Frankly, I am fed up with the creationists trying to push their curriculum on the public schools. It didn't have to happen, they could have handled the situation without putting it into the courts. We lost a lot more than the right to include intelligent design in the curriculum. We set a precident of court interference in local school curriculum. This is not good.
I remember my very fundamentalist Sunday school teacher explaining that evolution could not have happened without God's hand in it. If we could handle it that way, there is no reason, that parents can't do the same today.
Gee, I wonder if the Philadelphia StInquirer has it in for Sen. Santorum?
Until someone on the right is willing to make the distinction between universal education and government schools, the politicians on the right will continue to struggle. As if often the case, only the truth will set you free.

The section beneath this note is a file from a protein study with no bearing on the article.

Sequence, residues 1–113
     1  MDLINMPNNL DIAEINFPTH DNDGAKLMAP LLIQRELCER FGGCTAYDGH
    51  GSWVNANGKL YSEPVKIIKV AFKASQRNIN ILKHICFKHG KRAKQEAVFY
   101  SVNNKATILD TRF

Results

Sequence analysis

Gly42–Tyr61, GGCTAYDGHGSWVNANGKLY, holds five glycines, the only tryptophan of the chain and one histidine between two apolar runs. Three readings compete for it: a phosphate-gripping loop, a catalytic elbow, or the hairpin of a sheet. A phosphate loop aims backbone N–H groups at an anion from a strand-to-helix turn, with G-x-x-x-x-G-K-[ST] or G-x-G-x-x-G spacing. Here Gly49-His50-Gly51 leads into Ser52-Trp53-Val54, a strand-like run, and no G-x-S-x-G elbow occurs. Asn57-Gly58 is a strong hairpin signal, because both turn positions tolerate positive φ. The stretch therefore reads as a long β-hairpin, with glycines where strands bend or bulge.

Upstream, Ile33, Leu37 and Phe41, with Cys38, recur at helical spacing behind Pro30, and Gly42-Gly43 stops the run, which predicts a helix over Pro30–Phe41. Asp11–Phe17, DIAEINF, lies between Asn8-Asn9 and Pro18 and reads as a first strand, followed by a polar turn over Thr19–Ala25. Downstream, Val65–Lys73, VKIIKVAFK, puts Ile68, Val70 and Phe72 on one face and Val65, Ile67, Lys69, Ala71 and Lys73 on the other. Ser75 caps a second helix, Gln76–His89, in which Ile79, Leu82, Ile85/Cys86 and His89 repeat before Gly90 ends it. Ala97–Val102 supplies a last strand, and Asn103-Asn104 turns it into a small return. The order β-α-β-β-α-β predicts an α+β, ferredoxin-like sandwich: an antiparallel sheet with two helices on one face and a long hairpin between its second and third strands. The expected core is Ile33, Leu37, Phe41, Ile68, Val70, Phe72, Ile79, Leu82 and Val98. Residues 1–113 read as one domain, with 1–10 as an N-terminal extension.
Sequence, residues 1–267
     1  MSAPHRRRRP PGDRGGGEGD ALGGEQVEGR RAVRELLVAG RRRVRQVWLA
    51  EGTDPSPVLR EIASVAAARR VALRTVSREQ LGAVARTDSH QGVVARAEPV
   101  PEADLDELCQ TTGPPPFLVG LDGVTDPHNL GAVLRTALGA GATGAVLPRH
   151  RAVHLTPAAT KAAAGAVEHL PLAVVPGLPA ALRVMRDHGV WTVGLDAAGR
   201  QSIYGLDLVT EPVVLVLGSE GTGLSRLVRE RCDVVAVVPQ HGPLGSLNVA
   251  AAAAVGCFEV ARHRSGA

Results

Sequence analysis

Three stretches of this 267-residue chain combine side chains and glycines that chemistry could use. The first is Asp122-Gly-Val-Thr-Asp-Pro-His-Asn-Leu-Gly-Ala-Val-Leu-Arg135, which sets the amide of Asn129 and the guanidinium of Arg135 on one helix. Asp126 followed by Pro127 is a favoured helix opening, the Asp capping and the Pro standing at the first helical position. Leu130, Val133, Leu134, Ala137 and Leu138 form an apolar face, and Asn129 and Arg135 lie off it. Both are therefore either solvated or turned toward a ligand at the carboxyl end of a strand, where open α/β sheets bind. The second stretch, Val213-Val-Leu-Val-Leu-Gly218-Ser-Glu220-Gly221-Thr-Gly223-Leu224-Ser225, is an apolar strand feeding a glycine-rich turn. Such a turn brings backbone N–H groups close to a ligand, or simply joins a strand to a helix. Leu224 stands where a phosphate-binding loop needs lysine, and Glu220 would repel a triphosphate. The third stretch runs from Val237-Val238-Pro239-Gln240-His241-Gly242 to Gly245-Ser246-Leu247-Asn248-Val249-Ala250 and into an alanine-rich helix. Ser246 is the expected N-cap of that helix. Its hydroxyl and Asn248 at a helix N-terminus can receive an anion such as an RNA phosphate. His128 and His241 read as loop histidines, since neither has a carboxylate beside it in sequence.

Think you'll be able to put a Dem in his seat?
Santorum has truly lost his way. Pathetic waffling.
I think Santorum is definitely a target of the evo-Democrats, and he knows it.
The problem is that there is no "controversy." There are no "competing theories."
There's just the Theory of Evolution, with all the evidence that supports it and that is itself supported by the vast majority of scientists, and on the other hand there's people like those at the Discovery Institute and on this school board who are trying to promote their religious beliefs under the cover of science.
Once someone can articulate another scientific theory that addresses the evidence, then there will be a "controversy" to teach.
This story has been posted in other sources too.
>>>Why do you assume God and/or supernatural is not testable? And every scientific inquiry must start with ideas. What is your definition of "nature"?
Prove me wrong. Show me a testable hypothesis about God, or ID, or creation science.
I remember when he first expressed reservations about the board's actions in Dover. Someone here on FR called him a "traitor".